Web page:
In his book: The
Pleasures of Philosophy, Will Durant acknowledged that love was generally agreed to be the most fascinating thing in the course of human life. At the same time, he noted with surprise that very rarely attention was focused on the origin and growth of love, in the relevant multilingual, poetic and philosophical works of most sensational poets and writers on the subject of love.
Will Durant further pointed out that the analytical part of literary and scientific material concerning love was extremely limited. Typical coverage ranged from the ordinary reproduction of protozoa to the self-sacrificing spirit of Dante, or the poetic ecstasies of Petrarch among similar others. In all these efforts, any thorough investigation of the astonishing factuality, the natural origin, the factors in wholesome evolutionary growth and similar other aspects of love were found by him to be missing.
Earlier herein, we have identified three distinct schools of ancient arid. modern thought concerning the origin and purpose of love, so as to deduce its unique or two- sided interaction with the sexual instinct. We have noted that love, as conceived in the West and the East both, is distinct from lust. Also, it is universally recognized as praiseworthy and respectable, although the relevant conceptualizations differ, as already explained. What remains to be examined now is mainly the question of love in relation to chastity, specially in order to specify the areas and conditions in which they can flourish.
With regard to love and chastity, the relevant social regulations can be either explicit or
implicit in moral terms. Where these are explicitly regulated, women may be assigned an elevated position in society, so that they are ordinarily not approachable by men. In the other situation, where love and chastity are implicitly promoted; but not regulated, women's position is subject to the utter tedium of placing themselves at the disposal and protection of their men. One may wonder as to which one of these two sets of conditions are apt to enhance love and chastity.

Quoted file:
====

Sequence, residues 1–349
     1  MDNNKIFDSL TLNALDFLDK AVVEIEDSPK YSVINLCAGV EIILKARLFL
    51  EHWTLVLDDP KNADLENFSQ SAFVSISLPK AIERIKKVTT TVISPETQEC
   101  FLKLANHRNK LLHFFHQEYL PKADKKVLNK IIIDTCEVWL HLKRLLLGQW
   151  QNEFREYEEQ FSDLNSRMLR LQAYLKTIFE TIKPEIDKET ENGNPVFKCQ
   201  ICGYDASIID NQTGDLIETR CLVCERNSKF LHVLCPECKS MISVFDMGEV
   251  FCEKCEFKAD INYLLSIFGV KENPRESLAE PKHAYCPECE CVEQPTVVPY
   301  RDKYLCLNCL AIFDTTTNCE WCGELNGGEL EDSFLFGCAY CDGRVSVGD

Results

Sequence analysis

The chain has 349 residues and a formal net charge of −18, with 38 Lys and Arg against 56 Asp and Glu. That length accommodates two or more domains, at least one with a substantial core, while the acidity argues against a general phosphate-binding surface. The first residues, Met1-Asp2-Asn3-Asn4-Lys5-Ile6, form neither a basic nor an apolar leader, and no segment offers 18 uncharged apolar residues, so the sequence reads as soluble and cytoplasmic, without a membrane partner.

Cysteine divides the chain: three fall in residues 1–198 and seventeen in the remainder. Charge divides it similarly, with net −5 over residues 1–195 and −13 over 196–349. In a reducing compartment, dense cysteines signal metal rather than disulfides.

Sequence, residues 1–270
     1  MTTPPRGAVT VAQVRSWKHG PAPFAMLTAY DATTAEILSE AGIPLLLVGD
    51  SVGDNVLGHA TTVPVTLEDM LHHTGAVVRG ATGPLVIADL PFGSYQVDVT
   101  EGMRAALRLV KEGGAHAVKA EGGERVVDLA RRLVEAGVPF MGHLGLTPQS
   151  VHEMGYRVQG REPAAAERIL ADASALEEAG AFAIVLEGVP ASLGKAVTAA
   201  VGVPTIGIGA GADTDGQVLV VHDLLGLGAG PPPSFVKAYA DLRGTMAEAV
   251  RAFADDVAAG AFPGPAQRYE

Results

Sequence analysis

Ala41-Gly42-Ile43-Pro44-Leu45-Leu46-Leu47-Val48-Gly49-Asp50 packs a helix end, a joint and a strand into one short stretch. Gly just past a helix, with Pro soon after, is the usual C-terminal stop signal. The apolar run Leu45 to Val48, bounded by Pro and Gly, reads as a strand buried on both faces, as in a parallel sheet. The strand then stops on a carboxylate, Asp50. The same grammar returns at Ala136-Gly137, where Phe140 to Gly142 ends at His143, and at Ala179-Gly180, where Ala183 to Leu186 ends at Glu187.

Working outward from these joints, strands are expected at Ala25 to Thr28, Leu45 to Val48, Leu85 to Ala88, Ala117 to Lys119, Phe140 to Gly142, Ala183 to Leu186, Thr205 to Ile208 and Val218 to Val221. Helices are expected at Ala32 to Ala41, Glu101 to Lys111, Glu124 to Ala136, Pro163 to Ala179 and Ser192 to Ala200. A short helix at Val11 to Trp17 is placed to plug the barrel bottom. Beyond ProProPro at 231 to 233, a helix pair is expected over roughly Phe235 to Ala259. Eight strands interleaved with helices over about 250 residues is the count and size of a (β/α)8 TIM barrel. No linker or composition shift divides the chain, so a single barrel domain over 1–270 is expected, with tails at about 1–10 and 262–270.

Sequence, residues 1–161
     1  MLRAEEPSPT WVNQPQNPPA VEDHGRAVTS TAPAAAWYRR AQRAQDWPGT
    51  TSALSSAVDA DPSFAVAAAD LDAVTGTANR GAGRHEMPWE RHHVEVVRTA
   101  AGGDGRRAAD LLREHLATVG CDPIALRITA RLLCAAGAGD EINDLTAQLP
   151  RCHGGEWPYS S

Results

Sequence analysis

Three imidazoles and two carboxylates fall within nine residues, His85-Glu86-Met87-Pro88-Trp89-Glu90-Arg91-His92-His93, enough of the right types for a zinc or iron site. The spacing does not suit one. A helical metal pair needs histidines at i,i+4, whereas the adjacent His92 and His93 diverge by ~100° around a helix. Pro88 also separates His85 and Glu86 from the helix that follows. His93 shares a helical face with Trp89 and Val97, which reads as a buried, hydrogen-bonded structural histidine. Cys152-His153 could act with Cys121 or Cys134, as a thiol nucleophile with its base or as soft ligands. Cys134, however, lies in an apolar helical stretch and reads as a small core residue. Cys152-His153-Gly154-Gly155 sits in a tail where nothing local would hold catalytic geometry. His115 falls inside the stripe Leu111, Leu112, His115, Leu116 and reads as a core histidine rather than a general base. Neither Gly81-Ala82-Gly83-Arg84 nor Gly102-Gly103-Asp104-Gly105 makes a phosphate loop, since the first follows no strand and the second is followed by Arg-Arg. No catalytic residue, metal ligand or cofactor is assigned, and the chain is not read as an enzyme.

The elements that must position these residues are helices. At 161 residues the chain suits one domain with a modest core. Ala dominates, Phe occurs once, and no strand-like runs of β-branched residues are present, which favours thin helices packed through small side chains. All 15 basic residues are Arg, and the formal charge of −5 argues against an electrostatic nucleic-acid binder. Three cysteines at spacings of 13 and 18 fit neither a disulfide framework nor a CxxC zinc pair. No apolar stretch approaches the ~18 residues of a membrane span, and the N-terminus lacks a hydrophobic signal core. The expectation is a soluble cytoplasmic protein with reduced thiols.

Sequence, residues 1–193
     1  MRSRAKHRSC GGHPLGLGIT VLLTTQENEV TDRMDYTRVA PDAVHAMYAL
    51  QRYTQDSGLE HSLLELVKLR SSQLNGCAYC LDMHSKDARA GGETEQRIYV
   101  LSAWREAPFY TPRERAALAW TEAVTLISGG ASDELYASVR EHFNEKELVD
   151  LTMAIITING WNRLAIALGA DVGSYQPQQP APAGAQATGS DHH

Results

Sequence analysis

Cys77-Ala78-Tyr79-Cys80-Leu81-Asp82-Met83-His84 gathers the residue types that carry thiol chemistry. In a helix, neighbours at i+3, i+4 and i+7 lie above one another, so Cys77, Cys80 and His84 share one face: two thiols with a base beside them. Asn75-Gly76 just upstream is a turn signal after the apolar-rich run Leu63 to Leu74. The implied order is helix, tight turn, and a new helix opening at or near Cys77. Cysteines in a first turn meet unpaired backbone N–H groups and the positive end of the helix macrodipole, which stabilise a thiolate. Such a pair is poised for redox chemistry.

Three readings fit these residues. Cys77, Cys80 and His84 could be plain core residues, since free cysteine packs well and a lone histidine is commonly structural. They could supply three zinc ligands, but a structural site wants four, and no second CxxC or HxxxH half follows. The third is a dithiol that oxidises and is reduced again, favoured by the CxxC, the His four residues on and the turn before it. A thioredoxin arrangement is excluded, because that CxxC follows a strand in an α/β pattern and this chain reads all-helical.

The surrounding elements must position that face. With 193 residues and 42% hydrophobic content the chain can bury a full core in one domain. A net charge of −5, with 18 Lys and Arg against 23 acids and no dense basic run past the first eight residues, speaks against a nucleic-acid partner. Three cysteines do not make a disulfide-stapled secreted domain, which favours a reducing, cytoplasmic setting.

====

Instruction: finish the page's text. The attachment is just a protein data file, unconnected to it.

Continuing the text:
Incidentally, it is notable that the so called open or permissive societies are ipso facto incapable of promoting conditions for any deep and intense love relationships. Their conditions lead to waywardness and wantonness, in the process of seeking transient affairs, if not while indulging in momentary and lustful pleasures. No wonder, women's position in these so called free environments continues to be rather prosaic, while both men and women remain liable to miss heartfelt and genuine mutual love and responsiveness.
Permissive social environments further sensuality and licentiousness. They are not conducive to beneficial love held in esteem by philosophers and sociologists, in terms of its intensely evolved, deeply responsive and unselfish effects. Given appropriate social conditions, love can indeed enable personalities mellowed by it to concentrate individual energies for good purposes, render their perceptions clear and keen, induce empathy towards the beloved, as well as promote genius- like originality and excellence of thoughts and achievements.
Genuine love's wholesome qualities have been commended not only by the ancients, but the modern writers, including some
who favored the proposed new sexual freedom. In his magnum opus: History of Civilization, Will Durant mentioned about both male homosexual connotation of the traditional Greek depiction of love in their ballads and the heterosexual love episodes of the Thousand and One Night fame, dating back to centuries earlier than those of the Middle Ages. He indicated that interest in the oriental stories of natural love grew to an extent more than that in the routine. exhortations of the Church towards promoting chastity and virtue.